About the Department
Common Urologic Conditions
Male Reproductive Services
Joining Together Integration and Collaboration at the Mount Sinai Department of Urology
Benign Prostatic Hyperplasia, also called 'enlarged prostate' is generally
found in men over the age of 50. In fact, nearly all men over the age
of 50 have an enlarged prostate to some degree, but not all of these cases
require treatment. The prostate is located under the bladder in men and
behind the pubic bone. It partially surrounds the urethra and is responsible
for many of the lower urinary tract problems experienced in men as it
enlarges with age.
- Frequency of urination, nocturia (frequency at night)
- Urgency (desire to void again within a short time of urinating)
- Hesitancy (waiting some time to initiate the stream)
- Decreased force of urinary stream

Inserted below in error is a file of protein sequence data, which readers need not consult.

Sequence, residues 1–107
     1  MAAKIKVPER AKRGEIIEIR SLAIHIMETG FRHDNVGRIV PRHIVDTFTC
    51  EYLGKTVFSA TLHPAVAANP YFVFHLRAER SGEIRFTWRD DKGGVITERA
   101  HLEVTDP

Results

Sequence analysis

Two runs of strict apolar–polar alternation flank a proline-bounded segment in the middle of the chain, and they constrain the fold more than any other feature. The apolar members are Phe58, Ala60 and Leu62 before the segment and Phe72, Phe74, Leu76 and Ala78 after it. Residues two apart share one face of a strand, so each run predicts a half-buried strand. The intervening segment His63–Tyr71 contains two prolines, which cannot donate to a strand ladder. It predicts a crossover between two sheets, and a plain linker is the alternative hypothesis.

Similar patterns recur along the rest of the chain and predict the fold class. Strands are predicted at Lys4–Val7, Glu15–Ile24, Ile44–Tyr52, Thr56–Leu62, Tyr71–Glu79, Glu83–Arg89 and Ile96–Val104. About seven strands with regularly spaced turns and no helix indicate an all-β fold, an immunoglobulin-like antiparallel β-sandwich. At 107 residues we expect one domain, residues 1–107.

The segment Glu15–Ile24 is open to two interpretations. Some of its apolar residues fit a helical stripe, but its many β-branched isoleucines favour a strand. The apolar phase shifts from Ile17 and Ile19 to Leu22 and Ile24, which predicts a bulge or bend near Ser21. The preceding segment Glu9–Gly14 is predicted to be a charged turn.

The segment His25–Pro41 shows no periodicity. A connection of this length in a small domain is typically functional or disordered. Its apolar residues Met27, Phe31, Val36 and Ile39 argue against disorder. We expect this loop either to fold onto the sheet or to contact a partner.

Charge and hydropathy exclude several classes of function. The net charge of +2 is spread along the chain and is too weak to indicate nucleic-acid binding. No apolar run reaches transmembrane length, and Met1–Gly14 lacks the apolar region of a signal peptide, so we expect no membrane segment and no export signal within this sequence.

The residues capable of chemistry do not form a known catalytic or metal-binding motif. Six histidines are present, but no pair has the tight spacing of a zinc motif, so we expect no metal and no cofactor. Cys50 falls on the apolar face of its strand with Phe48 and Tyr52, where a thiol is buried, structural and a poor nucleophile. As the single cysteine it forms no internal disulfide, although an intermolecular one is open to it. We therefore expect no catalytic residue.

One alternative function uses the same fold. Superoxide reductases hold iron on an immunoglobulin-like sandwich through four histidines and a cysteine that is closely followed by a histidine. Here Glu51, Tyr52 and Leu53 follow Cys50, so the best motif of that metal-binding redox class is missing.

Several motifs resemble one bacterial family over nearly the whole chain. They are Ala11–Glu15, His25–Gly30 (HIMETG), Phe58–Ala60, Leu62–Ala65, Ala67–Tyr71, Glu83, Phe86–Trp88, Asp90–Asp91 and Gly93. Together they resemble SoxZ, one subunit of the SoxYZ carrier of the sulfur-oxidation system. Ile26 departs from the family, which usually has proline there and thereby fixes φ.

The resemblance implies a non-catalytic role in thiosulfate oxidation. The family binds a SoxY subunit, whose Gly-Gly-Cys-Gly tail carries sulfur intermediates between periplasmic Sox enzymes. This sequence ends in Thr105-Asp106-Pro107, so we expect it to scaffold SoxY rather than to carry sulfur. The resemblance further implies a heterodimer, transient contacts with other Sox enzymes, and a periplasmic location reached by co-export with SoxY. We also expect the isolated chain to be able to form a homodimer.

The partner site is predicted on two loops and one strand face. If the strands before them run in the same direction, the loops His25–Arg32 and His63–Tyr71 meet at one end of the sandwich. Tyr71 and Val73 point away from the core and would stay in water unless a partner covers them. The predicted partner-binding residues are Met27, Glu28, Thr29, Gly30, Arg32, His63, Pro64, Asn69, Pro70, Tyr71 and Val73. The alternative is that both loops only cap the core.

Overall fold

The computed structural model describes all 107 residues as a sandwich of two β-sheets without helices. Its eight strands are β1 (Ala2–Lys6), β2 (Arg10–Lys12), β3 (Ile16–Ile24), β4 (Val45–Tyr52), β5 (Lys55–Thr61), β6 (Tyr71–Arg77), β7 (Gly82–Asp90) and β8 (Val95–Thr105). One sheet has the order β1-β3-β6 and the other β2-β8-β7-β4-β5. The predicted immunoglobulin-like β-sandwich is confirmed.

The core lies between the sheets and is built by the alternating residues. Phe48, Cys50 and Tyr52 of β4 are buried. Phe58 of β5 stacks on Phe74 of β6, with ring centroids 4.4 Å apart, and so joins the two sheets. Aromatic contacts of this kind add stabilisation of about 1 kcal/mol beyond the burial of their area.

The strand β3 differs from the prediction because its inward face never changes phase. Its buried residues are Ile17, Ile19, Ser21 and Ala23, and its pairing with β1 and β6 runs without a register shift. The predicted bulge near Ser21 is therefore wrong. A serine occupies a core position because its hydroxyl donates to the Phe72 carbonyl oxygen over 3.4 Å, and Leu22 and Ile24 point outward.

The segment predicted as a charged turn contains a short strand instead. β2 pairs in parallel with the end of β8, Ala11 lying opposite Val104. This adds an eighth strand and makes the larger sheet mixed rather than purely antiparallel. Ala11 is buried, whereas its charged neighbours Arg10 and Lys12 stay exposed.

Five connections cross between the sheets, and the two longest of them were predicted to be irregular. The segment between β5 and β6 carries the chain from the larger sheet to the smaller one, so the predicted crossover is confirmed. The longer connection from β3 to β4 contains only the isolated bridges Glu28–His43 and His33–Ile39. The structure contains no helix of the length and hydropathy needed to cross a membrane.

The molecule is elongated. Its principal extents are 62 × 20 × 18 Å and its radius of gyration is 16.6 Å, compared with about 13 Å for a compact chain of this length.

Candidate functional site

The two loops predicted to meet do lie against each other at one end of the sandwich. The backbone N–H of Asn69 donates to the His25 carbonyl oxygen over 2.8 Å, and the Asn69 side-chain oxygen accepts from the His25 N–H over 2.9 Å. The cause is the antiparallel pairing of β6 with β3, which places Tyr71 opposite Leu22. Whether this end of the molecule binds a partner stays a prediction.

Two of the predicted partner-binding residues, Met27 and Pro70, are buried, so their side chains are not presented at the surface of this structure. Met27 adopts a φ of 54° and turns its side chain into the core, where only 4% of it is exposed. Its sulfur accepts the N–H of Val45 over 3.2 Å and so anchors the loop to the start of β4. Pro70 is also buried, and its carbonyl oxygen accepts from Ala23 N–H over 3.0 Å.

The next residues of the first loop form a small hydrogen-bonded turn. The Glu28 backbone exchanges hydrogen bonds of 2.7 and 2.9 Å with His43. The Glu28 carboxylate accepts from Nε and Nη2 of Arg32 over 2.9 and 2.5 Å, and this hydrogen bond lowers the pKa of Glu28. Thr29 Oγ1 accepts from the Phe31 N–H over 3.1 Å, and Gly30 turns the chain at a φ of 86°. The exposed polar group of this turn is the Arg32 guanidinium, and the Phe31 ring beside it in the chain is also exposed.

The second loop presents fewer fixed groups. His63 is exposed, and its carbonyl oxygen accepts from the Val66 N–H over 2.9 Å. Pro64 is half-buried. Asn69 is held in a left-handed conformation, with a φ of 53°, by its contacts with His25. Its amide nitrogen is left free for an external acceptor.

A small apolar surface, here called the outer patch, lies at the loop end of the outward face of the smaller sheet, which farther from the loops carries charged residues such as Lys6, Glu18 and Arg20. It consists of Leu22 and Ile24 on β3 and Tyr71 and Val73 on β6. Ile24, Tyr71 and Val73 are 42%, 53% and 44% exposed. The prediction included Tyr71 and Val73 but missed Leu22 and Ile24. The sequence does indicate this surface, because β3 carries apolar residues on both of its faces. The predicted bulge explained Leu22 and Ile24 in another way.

- Intermittency (a stop-start pattern in urinating)
- Feeling of incomplete emptying (urine remaining in the bladder after
On occasion, patients may develop similar symptoms due to prostatitis
(inflammation of the prostate), primarily from infection that is treated
with antibiotics. To determine if these symptoms are due to BPH, patients
may be evaluated with:
- DRE (digital rectal exam) is primarily done
to rule out abnormalities of the prostate, such as cancer or prostatitis.
- Urine studies (Urine Culture and Cytology)
are done to rule out infection, hematuria (blood in the urine),
glucosuria (sugar in the urine as can be seen in diabetics), and/or